Sheepskin boot giant Ugg Australia has axed its multimillion pound account with young fashion chain Bank as part of a broader strategy to take the brand more upmarket.
Ugg’s US parent Deckers took back control of the UK market from UK and Republic of Ireland distributor AMG last month and is understood to be culling a string of accounts while also raising prices. Retail prices on classic styles have gone up by between 10% and 15%, though some of the rise is said to be due to increased manufacturing costs.
According to one retail source, Ugg has also introduced a clause into its contract with stockists limiting them to selling the brand purely via their own store websites and not via third-party platforms.
Deckers is also said to be doing more thorough credit checks on all of its stockists than AMG did.
Bank, which has more than 70 UK stores and is owned by JD Sports Fashion, is the biggest victim of the cull so far.
Ugg is its biggest-selling footwear brand and is believed to generate retail sales of £10m. Its wholesale orders are thought to have averaged £4m a year. Spring 11 will be the last season it will be allowed to stock Ugg, and Bank is said to be “devastated”.
Bank was unavailable for comment.
The end of Ugg’s agreement with Bank has sparked fear and anger among some stockists. It has about 225 accounts and last year won Brand of the Year at the Drapers Footwear Awards after saving Christmas 2009 for many footwear retailers. “It has sent shivers down my spine. Ugg is a big seller for us,” said one.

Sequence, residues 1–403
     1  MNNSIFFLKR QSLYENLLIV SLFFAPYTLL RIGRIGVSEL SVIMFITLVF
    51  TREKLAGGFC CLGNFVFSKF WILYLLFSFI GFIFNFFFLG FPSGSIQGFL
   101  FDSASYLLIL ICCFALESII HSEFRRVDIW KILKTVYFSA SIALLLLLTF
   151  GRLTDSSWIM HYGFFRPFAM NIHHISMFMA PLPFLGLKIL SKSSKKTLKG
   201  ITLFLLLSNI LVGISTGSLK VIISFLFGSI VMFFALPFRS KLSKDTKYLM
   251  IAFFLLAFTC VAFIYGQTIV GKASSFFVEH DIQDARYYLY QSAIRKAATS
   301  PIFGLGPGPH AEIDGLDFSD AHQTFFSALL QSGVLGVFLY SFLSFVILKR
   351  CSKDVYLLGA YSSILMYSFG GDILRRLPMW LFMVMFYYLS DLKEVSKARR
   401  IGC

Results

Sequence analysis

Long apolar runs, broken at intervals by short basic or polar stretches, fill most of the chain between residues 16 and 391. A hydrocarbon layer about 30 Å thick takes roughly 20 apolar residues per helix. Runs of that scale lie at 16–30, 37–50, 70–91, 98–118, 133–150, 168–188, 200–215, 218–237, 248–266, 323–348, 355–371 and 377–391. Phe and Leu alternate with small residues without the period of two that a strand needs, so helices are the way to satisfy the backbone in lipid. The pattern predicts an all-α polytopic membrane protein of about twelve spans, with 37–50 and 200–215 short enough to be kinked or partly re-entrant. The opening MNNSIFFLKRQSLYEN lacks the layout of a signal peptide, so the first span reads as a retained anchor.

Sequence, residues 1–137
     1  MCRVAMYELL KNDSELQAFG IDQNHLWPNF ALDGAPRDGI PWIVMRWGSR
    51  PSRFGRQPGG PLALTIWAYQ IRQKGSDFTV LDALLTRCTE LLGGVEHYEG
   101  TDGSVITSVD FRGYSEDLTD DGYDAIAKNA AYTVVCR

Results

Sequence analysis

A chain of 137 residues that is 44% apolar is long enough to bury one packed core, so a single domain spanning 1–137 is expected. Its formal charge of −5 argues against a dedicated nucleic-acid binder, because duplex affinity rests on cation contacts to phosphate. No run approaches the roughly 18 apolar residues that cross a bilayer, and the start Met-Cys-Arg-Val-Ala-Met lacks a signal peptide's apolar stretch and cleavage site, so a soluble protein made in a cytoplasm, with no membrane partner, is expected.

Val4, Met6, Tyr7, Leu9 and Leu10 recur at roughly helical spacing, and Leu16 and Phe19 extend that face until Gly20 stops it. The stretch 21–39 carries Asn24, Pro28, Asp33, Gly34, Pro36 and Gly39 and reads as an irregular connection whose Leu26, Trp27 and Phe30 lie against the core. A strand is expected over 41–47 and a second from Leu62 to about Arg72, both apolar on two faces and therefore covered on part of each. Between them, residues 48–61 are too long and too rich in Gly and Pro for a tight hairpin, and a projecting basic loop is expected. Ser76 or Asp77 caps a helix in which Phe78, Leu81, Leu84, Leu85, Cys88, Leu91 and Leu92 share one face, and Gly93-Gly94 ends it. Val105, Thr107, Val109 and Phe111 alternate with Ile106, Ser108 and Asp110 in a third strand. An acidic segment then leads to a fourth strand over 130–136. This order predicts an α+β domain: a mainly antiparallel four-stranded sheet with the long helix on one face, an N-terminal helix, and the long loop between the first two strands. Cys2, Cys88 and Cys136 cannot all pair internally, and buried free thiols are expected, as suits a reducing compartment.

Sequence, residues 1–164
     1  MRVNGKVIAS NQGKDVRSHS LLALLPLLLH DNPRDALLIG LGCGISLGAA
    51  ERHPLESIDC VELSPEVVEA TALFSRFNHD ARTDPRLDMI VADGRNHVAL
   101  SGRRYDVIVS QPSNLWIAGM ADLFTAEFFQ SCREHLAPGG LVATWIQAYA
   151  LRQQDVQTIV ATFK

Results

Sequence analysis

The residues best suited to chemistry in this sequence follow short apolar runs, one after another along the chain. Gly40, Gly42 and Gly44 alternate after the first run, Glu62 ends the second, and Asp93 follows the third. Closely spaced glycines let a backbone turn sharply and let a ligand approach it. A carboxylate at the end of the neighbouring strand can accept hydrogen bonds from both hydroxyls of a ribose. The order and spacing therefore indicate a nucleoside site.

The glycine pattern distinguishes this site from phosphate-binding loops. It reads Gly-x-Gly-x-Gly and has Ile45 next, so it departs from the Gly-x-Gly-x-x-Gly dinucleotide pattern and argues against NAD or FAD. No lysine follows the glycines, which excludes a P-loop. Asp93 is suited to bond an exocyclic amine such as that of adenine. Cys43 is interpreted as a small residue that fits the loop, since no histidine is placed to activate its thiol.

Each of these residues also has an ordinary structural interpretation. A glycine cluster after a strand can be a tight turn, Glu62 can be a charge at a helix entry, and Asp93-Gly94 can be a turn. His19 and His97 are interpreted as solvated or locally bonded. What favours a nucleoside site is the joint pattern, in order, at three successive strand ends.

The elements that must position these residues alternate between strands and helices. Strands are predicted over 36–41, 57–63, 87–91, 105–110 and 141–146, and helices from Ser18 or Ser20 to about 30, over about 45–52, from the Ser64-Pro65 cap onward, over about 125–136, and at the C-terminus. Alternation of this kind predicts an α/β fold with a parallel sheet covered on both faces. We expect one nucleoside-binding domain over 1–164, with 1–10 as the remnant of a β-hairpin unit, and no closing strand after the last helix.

A source close to the situation added: “Ugg is saying, ‘We are moving upstream, but you, our stockists, are no longer good enough for us to come upstream with us’. It is a foolish, naive and arrogant step considering the company [Deckers] has never done direct business in the UK yet.”
However, other stockists welcomed the move. David Weeks, buying director at young fashion indie mini-chain Xile, Ugg’s biggest independent account in Scotland, said: “Ugg could do with getting rid of a few accounts. They’re overstocked. I’m not worried.”
Deckers’ review of Ugg’s stockist base follows several high-profile departures at Deckers. Evan Mason, European vice-president, left at the end of the December, at the same time as UK general manager David Ward, who had been at the company for just six months.
Deckers was unavailable for comment.